Last weekend, Mike’s friend Dave flew over from Wales and the three of us drove to the Mountains of Mourne, located about 45 minutes southeast of us. Ireland has proven to be relatively flat compared to my native New England, with low, wide hills at most. Mike has also referred to his “hill walking club” – a term we don’t use in the USA. I call it “hiking,” but I figured maybe the term came from the smaller peaks and easier walking paths than those that I’m used to.
When we arrived at the Mournes, I was blown away. Out of nowhere is a large range of beautiful, steep, rocky peaks. I wouldn’t categorize these as “hills.”
It was a freezing cold and windy day, but we had attempted this hike a few weeks ago and I could barely even exit the car based on how windy it was. Ultimately we decided to skip it and go to the pub for some rugby instead. So this time, we committed to it – the summits are known for being cold and windy anyways.
The “hill walk” was not easy – the paths are really just a bunch of boulders to climb up. The summit was so cold I couldn’t feel my hands (with gloves on) so I don’t have many pictures to speak of – Mike shot a few decent ones before they all go out of focus and before he lost the ability to click the shutter. Despite the frigid conditions though, I totally fell for the sweeping views. From the top of Slieve Bearnagh, the peak we hiked, you can see out to the ocean from one side and, on the other side, up to Belfast (on a clear day). Silent Valley sat below us – completely barren and beautiful. The Brandy Path, where they used to smuggle brandy in from the ocean, runs along the side of the range.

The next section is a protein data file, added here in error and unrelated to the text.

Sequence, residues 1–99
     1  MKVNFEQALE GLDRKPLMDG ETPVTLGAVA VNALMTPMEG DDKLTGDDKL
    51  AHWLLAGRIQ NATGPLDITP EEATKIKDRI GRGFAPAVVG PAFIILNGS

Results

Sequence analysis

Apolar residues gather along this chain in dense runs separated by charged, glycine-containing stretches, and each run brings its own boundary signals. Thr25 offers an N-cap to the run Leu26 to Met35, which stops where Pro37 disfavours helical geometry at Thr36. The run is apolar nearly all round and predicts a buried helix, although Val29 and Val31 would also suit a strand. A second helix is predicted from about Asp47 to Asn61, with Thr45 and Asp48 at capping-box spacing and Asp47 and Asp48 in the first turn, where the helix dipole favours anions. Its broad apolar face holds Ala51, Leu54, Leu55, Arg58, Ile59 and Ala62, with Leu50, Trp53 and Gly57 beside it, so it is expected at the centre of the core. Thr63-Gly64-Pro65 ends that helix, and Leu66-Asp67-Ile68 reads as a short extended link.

My favorite part of hiking the Mountains of Mourne was the stone wall which runs along the tops of the entire mountain range. It was absolutely stunning. It gives you a unique perspective – you can see how steep it is, how long it runs, and it also acts as a great shield from the wind.
I’m hoping to go back to the Mournes again before our departure to Australia in the end of April.